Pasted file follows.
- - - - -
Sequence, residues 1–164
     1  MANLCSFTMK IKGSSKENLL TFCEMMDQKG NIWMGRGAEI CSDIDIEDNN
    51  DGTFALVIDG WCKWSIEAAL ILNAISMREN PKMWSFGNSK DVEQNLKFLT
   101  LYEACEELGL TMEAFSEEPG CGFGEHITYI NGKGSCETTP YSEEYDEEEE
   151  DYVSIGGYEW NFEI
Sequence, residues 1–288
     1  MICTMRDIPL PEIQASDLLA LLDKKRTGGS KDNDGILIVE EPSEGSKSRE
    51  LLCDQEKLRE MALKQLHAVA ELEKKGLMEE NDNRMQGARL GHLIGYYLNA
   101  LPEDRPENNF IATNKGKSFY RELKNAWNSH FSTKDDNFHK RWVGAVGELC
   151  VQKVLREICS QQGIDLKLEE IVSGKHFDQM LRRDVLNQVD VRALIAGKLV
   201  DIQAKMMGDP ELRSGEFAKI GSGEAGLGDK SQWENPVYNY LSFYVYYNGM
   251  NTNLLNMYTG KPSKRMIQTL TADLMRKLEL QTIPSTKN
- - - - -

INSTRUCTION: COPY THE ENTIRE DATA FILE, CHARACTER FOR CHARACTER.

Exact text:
Sequence, residues 1–164
     1  MANLCSFTMK IKGSSKENLL TFCEMMDQKG NIWMGRGAEI CSDIDIEDNN
    51  DGTFALVIDG WCKWSIEAAL ILNAISMREN PKMWSFGNSK DVEQNLKFLT
   101  LYEACEELGL TMEAFSEEPG CGFGEHITYI NGKGSCETTP YSEEYDEEEE
   151  DYVSIGGYEW NFEI
Sequence, residues 1–288
     1  MICTMRDIPL PEIQASDLLA LLDKKRTGGS KDNDGILIVE EPSEGSKSRE
    51  LLCDQEKLRE MALKQLHAVA ELEKKGLMEE NDNRMQGARL GHLIGYYLNA
   101  LPEDRPENNF IATNKGKSFY RELKNAWNSH FSTKDDNFHK RWVGAVGELC
   151  VQKVLREICS QQGIDLKLEE IVSGKHFDQM LRRDVLNQVD VRALIAGKLV
   201  DIQAKMMGDP ELRSGEFAKI GSGEAGLGDK SQWENPVYNY LSFYVYYNGM
   251  NTNLLNMYTG KPSKRMIQTL TADLMRKLEL QTIPSTKN